Norfolk county. This town is joined to Boston by a neck of land, over which are broad and pleasant avenues. Between the centre of each town is about 3 miles. The surface is rocky and uneven, with a strong soil in a high state of cultivation. It displays a great degree of agricultural taste and skill, and abounds in country seats and pleasure grounds. That part of this town bordering on Jamaica pond, 4 miles S.W. from Boston, is exceedingly pleasant. This town and Boston were incorporated the same year, (1630;) and nothing but municipal regulations divide their interests and feelings. Population, 1810, 3,669; 1820, 4,135; 1830, 5,247; 1837, 7,493.
The first hourly coach from Boston commenced running to this town in 1827. There are now a large number continually running between the two places, and not less than 250,000 persons pass annually. Since that time, others of a similar kind have been established to Charlestown, Cambridge, Dorchester, &c., and tend greatly to promote the public convenience.
The manufactures of Roxbury consist of leather, nails, hats, chairs, cabinet ware, pig iron, spirits, &c.: annual value, about $300,000.
The Rev. John Eliot, the justly celebrated "Apostle to the Indians," was settled in Roxbury in 1632. Mr. Eliot imbibed the true spirit of the gospel, and his heart was touched with the wretched condition of the Indians. He learned their language and translated the scriptures into it. This would seem the business of a life, when the sense of the simple expression, "Kneeling down to him," is conveyed in the Indian language by Wutappessttukqussunnoowchtunkquoh, a word that would puzzle a Demosthenes to pronounce, without an extra pebble stone in his mouth. Mr. Eliot was remarkable for his indefatigable labors and charities; he endured hardship as a good soldier of Jesus Christ, and went to his reward in 1690, aged 86.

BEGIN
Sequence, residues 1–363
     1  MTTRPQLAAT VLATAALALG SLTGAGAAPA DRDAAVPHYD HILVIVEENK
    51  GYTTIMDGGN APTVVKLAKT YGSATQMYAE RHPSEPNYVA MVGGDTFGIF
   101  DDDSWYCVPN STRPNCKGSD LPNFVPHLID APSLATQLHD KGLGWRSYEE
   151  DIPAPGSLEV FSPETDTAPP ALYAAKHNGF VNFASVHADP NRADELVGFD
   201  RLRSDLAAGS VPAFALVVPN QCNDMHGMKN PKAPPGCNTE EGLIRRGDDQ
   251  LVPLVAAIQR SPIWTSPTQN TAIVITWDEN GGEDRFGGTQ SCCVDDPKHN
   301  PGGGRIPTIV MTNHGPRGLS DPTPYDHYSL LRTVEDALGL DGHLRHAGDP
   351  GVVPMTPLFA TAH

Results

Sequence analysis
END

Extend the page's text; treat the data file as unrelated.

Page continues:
This was the birth place and residence of the patriot Joseph Warren. Dr. Warren was born in 1740. He graduated at Harvard college in 1759. He was an ardent lover of his country, and sensibly felt the weight of her oppressions. Four days previous to the battle of "Bunker Hill," he received a commission in the army of Major general. He was within the entrenchment, and was slain on that hallowed spot, just at the commencement of the retreat. Dr. Warren was an able statesman, an eloquent orator, a man of uncompromising integrity and undaunted bravery. General Warren was the first officer of rank that fell in that glorious contest for liberty. His death shed a gloom throughout the country: he was exceedingly beloved for the mildness and affability of his deportment, and for the virtues of his private life.